|Skipped school in the past month because of feeling unsafe en route to or at school||13.3||4.2|
|Was threatened/injured with a weapon at school in the past year||18.7||4.5|
|Was in a physical fight resulting in treatment by doctor or nurse||12.7||3.7|
But these numbers don’t tell the full story. There are mitigating factors that help determine the health of LGBT young adults, the most important of these being family response. In a 2009 study published in Pediatrics, Caitlin Ryan and her colleagues at the Cesar Chavez Institute at San Francisco State University found a strong link between the power of parental reactions and overall health in LGBT young adults.4 Ryan’s study examined the impact of family and caregiver acceptance of sexual orientation and gender expression during adolescence as a predictor of well-being in queer young adults. The study of 224 white and Latino lesbian, gay, and bisexual young adults ages twenty-one to twenty-five found that higher rates of family rejection during adolescence were linked to poor health outcomes.
These findings have provided a clearer lens through which to view suicide attempts, high levels of depression, drug use, and the likelihood of engaging in unprotected sex. Compared with queer young adults who were not at all or were only rejected a little by their parents and caregivers because of their identity, queer teens who were highly rejected as adolescents were at high risk for mental and physical health problems when they became young adults. This group was: more than eight times as likely to have attempted suicide; nearly six times as likely to report high levels of depression; more than three times as likely to use illegal drugs; and more than three times as likely to be at high risk for HIV and sexually transmitted diseases.5
Many queer youth feel that they have to hide who they are to avoid being rejected or thrown out of their homes, or to keep from hurting their parents and other family members. But hiding comes with a high cost. It undermines the self-worth of queer youth, which is dangerous to their physical, emotional, and spiritual health. The risks attached to coming out are also very real. For Sam, the risk was that her parents would not only ignore her, but perhaps disown her at a time when she needed their support most. Sam quickly understood that the source of her depression was her struggle to accept her queer identity and to disclose it to her parents. While she claimed to have no expectations of her parents, she struggled with a deep longing for their acceptance and support. The visit to the emergency room proved to be an opportunity for Sam and her parents to understand what was at stake. Without the support and acceptance of her parents, Sam would continue to live in fear and on the edge of disaster.
Though Sam’s parents had difficulty accepting that she was queer, they were also afraid of losing her forever. Within the past few years, there had been two teen suicides in her neighborhood, but nobody talked openly about them. There was too much shame attached to being queer and to killing yourself. Sam’s parents agreed to attend family meetings to try and understand how they could support her. Acceptance would come later.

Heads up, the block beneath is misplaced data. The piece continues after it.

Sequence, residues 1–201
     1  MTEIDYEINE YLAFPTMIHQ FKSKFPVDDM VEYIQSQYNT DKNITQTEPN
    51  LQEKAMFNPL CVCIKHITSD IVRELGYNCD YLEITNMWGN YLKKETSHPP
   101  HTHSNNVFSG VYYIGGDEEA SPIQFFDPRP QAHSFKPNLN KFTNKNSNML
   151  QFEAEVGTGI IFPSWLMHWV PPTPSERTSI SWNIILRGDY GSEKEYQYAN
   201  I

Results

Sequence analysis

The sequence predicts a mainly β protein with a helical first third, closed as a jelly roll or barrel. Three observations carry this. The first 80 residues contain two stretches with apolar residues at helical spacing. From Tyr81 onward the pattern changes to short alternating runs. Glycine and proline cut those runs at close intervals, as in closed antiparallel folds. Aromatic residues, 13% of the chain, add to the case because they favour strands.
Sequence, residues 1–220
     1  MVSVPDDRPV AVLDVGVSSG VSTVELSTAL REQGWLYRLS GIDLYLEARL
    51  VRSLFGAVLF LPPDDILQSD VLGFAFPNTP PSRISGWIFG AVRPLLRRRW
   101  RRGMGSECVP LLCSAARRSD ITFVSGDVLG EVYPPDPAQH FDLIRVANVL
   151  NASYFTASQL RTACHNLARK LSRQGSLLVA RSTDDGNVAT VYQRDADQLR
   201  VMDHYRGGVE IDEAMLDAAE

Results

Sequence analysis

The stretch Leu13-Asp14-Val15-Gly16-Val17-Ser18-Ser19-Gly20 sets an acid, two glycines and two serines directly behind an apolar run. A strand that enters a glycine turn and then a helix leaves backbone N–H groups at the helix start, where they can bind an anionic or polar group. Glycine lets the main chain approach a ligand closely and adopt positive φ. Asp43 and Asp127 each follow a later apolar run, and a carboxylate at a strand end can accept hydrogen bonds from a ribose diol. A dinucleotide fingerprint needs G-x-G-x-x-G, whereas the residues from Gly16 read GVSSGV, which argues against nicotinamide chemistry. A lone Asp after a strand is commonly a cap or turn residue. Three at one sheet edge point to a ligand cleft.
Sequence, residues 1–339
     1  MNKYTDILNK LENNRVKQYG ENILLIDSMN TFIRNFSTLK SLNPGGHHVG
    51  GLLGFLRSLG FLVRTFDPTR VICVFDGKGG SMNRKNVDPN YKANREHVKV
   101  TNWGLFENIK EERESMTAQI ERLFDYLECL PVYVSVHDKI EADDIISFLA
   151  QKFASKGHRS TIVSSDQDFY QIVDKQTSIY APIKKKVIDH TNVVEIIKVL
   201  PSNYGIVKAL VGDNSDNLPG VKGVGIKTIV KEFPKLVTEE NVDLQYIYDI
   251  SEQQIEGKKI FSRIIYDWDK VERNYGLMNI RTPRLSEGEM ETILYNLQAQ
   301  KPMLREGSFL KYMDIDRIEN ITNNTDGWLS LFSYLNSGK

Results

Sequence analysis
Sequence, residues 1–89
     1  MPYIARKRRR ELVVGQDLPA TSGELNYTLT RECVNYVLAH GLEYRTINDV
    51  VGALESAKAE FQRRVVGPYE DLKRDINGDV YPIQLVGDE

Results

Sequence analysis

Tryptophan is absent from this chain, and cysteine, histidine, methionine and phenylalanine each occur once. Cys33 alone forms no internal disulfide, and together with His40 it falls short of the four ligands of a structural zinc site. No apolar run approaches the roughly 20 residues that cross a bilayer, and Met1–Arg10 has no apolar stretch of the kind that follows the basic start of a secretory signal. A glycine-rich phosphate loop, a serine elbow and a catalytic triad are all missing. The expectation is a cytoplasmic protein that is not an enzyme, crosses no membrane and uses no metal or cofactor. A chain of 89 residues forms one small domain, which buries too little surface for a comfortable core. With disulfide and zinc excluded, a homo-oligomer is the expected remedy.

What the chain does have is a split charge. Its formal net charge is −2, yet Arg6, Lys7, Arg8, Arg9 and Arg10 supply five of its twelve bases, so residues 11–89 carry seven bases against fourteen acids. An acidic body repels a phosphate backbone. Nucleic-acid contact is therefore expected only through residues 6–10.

Unfortunately, Sam’s story is not the norm. In 2004, with a grant from the Lilly Foundation, I conducted a small random study of queer youth in Boston, Dallas, and the Oakland/San Francisco area. My associate and I interviewed fifty-six teens between the ages of thirteen and eighteen. We included specific questions about the role of religion and spirituality in their lives.6 All the participants identified as gay, lesbian, bisexual, or questioning youth. No one identified as transgender.
Our research identified several major risk factors for queer youth and revealed that these risk factors were experienced by “most” or “all” of the young people we interviewed:
- Lack of support from family, school, church/place of worship. Most of the youth reported that they were not out to their parents, and those that were out reported ongoing conflict, verbal harassment, pressure not to tell other family and friends, and having their access to and connections with other queer friends blocked.
- Lack of safety, fear of harm by others. All participants reported that they were fearful of queer bashing at one time or another, and many reported that they had experienced bullying in school and in their neighborhood.
- Break in communication with parents. Most participants reported they had difficulty communicating with their parents, and coming out exacerbated this problem.
- Loss of connection with religious tradition when parents stopped attending religious institution. Most of the participants reported they stopped practicing their religious tradition when their parents ended their own observance. Some reported that they continued to attend services with their friends, but felt unwelcome.